Finally, I understood what my roommate had told me (she is a fellow Fulbright student working on healthcare reform): to feel sorry for these children would be to undermine everything they have accomplished.  It is truly amazing.    

I am in the process of obtaining permission to volunteer at the village on a weekly basis. 

Now, when I really think about where I want my work to take me…it is not to places like the Shangri-la.  It is to the people that inspire you, like the children of Tu Du village.

Long-Co Nguyen: Strauss, 2009, Vietnam

2nd entry: I remember when I was first starting M.E.M.O., I was at one of the first fundraising events that I had ever organized, and I was in a cow costume. We needed to draw attention to our booth in a local health fair, and the only logical solution we could think of is to get a cow costume. So I donned my cow attire and started to promote the organization. Of course, since then, we’ve developed different fundraising tactics that raise more money and require less embarrassment, but just thinking back makes me really appreciate applying to the Strauss Scholarship. Not only does the scholarship give you start-up funds to carry out your project, but it also gives you the means to win other grants. The foundation assigns each scholar a mentor from its Board of Trustees who is available to assist you throughout the year. And with the combination of prestige and assistance you get from the scholarship, you will be able to win other grants. I could not even begin to describe how grateful I am for being a Strauss Scholar, especially since a only few years ago, I was looking at my mom’s confused face as she stared at her daughter in a cow suit and said, “This isn’t exactly what I had in mind when I agreed to put you through a four-year university.”

Since I can’t think of a smooth segue from cow costumes to floods, I’ll just jump right into the second topic of this entry. Flooding is a frequent occurrence in Vietnam’s central highlands. Each time homes are destroyed or damaged; rice and subsidiary crops are inundated; traffic, electricity, and communication systems are disrupted; and people lose their lives or go missing. Being located in Qui Nhon, the students and their families in the Electronic Vocation School must face the storms and its accompanying damages on a yearly basis. Last summer, eight of the students had to take a temporary leave of absence from training to help their families repair damages to their homes and crops. Since then, to prevent homes in the surrounding provinces from getting damaged, our students have designed a device called electro-mechanical sensor. The purpose of this device is to send proper signals to activate the water pumps on the onslaught of a flood before any damages are caused. The students—with the assistance of our teachers—not only designed, produced, and tested its functionality, but also installed the circuit. It is amazing to see, with just a little help, what our students can achieve; they now not only support their families with their new, stable job, but also have made a huge impact on the people living in the area. I can’t wait to see what else they achieve in the future.

Electro-mechanical sensor that the students designed:

Katie Farrar: Fulbright, Italy, 2009

2nd entry:  On February 12, 2010, I witnessed the first snowfall to blanket Rome since February 1986 (oddly enough, exactly two weeks before I was born).  The city was in an uproar: banks closed, traffic was at a standstill, children ran from their classrooms to throw snowballs, and in spite of the icy cobblestones, people flocked to the Vatican to catch a rare glimpse of the Piazza San Pietro covered in white.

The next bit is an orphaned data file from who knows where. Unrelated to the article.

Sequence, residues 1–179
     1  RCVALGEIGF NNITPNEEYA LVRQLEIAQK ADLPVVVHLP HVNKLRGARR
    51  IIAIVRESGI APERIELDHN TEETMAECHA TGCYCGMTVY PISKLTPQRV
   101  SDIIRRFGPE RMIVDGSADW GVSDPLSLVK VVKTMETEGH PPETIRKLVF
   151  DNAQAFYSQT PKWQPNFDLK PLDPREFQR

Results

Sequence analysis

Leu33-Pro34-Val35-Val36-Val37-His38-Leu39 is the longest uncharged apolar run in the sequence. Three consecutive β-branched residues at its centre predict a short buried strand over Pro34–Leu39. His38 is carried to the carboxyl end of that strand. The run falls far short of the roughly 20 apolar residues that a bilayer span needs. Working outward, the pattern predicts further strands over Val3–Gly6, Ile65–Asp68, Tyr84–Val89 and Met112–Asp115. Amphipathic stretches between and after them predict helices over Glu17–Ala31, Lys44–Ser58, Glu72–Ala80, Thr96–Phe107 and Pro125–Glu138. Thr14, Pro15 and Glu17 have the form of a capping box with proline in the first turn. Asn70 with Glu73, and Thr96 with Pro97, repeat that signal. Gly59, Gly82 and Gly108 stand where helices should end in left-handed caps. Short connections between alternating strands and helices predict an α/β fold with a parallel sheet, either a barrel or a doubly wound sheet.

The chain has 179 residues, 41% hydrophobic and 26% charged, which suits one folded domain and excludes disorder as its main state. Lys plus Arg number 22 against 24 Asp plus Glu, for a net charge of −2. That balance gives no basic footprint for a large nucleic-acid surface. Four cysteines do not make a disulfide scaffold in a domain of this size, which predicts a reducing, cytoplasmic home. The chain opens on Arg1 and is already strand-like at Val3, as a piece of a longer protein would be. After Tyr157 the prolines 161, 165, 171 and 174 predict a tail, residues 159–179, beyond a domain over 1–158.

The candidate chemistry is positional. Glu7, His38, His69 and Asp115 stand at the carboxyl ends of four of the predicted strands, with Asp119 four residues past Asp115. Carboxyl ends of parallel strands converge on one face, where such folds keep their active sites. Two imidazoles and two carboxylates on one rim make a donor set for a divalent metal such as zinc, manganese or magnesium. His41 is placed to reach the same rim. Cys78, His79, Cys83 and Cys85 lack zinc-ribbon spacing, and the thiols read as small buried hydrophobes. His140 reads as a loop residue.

And the weekend only got more memorable.  

The following day I hopped on a train from Rome to Venice, where an entirely different sort of uproar had taken over the city: Carnevale!  With several friends I spent an entire day and night wandering the streets of Venice in maschera.  The crowds were packed with people in lavish costumes—among the traditional Venetian masks and gowns we spotted everything from the Ghostbusters to God to the Mario Brothers.  It was incredible to see how much work and creativity was poured into creating these costumes!  When night fell Piazza San Marco and the Rialto exploded with live music and dancing.  This happened to be my second trip to Venice, but only after this experience did I truly understand the city’s wonder and charm.   

After experiencing Venice’s Carnevale, I decided that I wanted to witness a lesser-known Carnevale for comparison.  My curiosity led me to Ivrea, a small town just outside of Torino in Northern Italy.  Ivrea celebrates Carnevale with “La Battaglia delle Arance” (the Battle of the Oranges).  You won’t believe it until you see it.  This battle, representing an uprising of Ivrea’s peasants against their tyrannical overlords in the Middle Ages, takes over the entire town.  People on the ground are members of 9 different teams (my personal favorite being named the “Orange Throwers of Death”); these teams ‘fight’ against some two-dozen horse-drawn chariots that ride through the crowded piazzas.  What ensues is that the people on the ground, pockets filled to the brim, throw orange after orange at the chariot riders, and vice versa.  By the end of the day, I saw many broken noses and fat lips—and the ground was one thick pulpy mess! 

My research in Art History involves a great deal of reading and translating, analyzing drawings and paintings, and spending many hours in libraries throughout Rome.  But I feel as though I’m learning the most from participating in local traditions such as these, which are history in the making.